Basic Hartree-Fock Proxy Application
This proxy application simulates the compute load and data-movement of the kernel of the Hartree-Fock method in quantum chemistry. The proxy features a simplified algorithm for computing electron repulsion integrals that is easily offloaded to GPUs, together with integral screening to avoid small terms.
Argonne National Laboratory
(any quantum chemistry code, eg. GAMESS, NWChem)
quantum chemistry, Hartree-Fock
Git/SVN Repository URL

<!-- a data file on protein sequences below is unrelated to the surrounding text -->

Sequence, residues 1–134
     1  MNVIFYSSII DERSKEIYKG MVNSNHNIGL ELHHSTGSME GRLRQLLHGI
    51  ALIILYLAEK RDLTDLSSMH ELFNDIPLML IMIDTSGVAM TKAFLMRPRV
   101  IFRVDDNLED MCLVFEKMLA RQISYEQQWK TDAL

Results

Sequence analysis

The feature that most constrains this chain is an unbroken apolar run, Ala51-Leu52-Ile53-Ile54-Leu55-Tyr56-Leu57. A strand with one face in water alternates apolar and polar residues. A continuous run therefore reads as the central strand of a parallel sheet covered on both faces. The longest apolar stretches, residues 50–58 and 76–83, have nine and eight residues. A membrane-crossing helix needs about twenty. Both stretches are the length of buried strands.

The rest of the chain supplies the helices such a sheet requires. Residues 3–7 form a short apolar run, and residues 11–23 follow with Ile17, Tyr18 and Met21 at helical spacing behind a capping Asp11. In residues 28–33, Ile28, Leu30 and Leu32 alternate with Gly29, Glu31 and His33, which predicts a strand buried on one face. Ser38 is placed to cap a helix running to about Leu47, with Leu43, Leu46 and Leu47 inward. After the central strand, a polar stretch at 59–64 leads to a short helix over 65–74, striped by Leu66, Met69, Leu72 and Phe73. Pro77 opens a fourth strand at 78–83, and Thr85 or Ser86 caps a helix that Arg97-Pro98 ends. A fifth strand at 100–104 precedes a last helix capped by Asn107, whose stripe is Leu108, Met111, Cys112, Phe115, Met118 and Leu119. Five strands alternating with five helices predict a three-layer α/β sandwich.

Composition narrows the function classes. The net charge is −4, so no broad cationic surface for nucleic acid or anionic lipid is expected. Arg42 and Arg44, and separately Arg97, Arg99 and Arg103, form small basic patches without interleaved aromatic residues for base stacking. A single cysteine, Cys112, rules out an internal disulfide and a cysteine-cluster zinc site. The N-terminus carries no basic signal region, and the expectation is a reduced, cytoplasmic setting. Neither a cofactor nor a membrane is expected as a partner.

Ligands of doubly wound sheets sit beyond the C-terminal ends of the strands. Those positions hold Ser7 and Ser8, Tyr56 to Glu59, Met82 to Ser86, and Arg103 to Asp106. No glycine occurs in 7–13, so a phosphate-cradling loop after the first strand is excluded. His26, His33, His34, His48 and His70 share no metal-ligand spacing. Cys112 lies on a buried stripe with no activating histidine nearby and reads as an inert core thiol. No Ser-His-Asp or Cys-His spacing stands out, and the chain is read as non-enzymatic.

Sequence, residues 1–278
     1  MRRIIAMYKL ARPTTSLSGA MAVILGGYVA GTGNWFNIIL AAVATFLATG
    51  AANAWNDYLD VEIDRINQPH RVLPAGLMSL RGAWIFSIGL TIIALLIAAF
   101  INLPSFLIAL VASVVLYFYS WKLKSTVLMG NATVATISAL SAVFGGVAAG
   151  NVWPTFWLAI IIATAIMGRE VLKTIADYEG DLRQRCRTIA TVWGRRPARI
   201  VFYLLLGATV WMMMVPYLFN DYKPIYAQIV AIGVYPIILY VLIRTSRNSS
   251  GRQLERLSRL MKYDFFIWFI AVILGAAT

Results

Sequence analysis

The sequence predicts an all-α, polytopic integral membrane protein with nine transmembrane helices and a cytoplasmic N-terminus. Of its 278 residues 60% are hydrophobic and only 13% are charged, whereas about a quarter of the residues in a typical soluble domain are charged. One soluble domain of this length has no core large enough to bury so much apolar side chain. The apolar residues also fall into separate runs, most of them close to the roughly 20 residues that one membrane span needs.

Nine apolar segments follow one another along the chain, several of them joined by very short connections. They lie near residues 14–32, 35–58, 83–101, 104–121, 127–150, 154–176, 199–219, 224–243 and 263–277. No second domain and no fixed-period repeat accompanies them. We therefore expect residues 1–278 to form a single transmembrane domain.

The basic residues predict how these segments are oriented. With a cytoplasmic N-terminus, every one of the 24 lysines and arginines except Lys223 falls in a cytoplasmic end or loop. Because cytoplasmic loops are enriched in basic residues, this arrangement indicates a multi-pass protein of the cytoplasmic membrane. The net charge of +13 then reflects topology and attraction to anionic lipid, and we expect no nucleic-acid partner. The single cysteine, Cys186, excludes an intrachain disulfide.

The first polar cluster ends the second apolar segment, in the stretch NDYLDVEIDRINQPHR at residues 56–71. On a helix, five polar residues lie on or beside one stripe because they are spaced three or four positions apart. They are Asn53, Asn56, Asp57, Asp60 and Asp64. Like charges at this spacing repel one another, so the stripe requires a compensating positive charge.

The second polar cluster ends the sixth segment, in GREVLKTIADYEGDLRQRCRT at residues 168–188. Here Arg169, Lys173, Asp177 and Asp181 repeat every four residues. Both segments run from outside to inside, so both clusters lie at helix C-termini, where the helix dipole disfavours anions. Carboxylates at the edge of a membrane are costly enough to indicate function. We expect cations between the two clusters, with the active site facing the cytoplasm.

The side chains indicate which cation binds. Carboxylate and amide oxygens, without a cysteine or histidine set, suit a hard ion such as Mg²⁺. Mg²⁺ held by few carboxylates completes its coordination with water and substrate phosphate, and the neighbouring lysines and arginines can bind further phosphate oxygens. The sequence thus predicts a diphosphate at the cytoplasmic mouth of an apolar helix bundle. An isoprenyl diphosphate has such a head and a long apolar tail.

Hartree-Fock is considered the entry-level method of quantum chemistry. Its computational characteristics are similar to those of Density Functional Theory. As with many quantum chemistry methods, the implementation typically depends on a choice for the integral computation method. However, there are many integral methods available, each method has unique performance characteristics, and the integral codes themselves tend to be very large. On the other hand, proxy applications aim to capture a given theory method without the clutter of a major package to enable a rapid assessment of its performance characteristics on new and emerging hardware. To this end, this proxy application uses a simplified integral code to allow the major compute load and data-movement of Hartree-Fock to be studied in different run modes spanning sequential and parallel execution, including GPU offloading. The kernel of Hartree-Fock for a given molecular system computes the electron-repulsion term of the Fock operator. Electron repulsion integrals over gaussian-type functions located on different atomic centers (four per integral) are computed and contracted with elements of the (square) density matrix before being summed to elements of the (square) Fock matrix. The cost nominally increases as the fourth power of the problem size. However, the magnitude of an integral declines with distance between the centers and screening (based on the Schwarz Inequality) can be used to avoid small terms. Within the integral calculations the gaussian-product factors are also tested to avoid small terms. Thus, while the number of atoms is the primary cost factor, the atomic positions also influence the compute load through integral screening. Integral screening typically reduces the cost to cubic.